The rush to exploit an increasingly ice-free Arctic
Three perspectives discuss how Arctic nations are preparing the way.
by Scott K. Johnson - Sept 9 2012, 2:30pm EDT

It’s that time of year again, when we check in to see where the annual Arctic sea ice minimum will end up. And this year is a doozie. We haven’t quite bottomed out at the end of the melt season, yet, but already 2012 has set new records for smallest Arctic sea ice extent and volume, smashing through the numbers from 2007. Records are often attention-grabbing and “exciting,” in a way, but while Usain Bolt’s incredible shrinking 100-meter dash time may be uplifting, shrinking sea ice is not.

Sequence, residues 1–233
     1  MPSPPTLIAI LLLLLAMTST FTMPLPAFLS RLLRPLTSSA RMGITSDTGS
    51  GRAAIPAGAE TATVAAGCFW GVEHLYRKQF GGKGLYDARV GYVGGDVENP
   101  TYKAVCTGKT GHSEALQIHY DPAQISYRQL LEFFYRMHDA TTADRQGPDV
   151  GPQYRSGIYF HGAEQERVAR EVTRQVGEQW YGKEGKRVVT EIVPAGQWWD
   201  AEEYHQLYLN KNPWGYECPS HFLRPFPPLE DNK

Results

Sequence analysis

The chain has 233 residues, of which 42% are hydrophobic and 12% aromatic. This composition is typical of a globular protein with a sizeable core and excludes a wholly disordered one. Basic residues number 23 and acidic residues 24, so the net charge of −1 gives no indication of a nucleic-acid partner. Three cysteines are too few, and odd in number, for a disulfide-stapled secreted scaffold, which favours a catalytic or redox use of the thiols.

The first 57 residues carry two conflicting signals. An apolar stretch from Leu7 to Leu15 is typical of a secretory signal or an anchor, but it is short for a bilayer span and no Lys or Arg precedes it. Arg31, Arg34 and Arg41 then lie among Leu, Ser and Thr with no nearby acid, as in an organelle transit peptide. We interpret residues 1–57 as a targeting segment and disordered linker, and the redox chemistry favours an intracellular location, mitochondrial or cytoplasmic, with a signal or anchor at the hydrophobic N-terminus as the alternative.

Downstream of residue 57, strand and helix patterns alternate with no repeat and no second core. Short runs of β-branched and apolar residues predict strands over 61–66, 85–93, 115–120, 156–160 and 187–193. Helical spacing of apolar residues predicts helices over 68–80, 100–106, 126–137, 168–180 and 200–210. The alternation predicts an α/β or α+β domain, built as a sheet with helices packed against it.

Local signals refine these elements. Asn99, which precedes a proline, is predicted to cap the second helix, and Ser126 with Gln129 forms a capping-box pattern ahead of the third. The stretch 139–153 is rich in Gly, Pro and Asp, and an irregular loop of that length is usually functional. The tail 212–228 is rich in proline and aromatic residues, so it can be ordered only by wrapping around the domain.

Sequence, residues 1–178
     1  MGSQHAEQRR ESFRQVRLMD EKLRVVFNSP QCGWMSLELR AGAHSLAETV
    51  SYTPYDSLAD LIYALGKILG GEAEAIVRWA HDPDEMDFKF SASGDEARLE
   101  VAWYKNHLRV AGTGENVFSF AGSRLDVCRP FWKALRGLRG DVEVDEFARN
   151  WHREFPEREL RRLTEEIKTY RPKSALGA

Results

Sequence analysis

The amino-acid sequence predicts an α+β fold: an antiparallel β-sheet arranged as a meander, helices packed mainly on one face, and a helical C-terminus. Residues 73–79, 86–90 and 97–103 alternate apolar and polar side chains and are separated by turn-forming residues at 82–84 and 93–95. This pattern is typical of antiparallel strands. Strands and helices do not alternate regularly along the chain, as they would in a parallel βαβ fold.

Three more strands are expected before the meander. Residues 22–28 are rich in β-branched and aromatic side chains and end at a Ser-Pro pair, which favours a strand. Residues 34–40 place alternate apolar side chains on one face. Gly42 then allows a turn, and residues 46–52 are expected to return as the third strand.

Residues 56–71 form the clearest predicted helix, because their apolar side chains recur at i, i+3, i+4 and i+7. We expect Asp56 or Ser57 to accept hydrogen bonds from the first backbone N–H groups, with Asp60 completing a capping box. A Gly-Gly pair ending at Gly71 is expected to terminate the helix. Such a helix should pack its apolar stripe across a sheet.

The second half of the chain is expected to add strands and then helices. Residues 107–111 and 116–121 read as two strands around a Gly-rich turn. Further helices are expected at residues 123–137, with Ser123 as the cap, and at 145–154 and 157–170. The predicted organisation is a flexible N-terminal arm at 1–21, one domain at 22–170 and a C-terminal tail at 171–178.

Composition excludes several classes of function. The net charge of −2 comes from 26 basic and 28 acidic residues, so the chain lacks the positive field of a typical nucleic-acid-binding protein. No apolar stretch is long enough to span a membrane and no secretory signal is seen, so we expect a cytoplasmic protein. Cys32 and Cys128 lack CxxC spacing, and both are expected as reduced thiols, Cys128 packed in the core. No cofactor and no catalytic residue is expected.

Every time a new sea ice extent record is broken, the same question comes up: how long until it’s gone? That is, how long will it be before the Arctic Ocean is functionally ice-free in the summer, legitimately opening the once-fabled Northwest Passage?

Continue reading: The rush to exploit an increasingly ice-free Arctic | Ars Technica.


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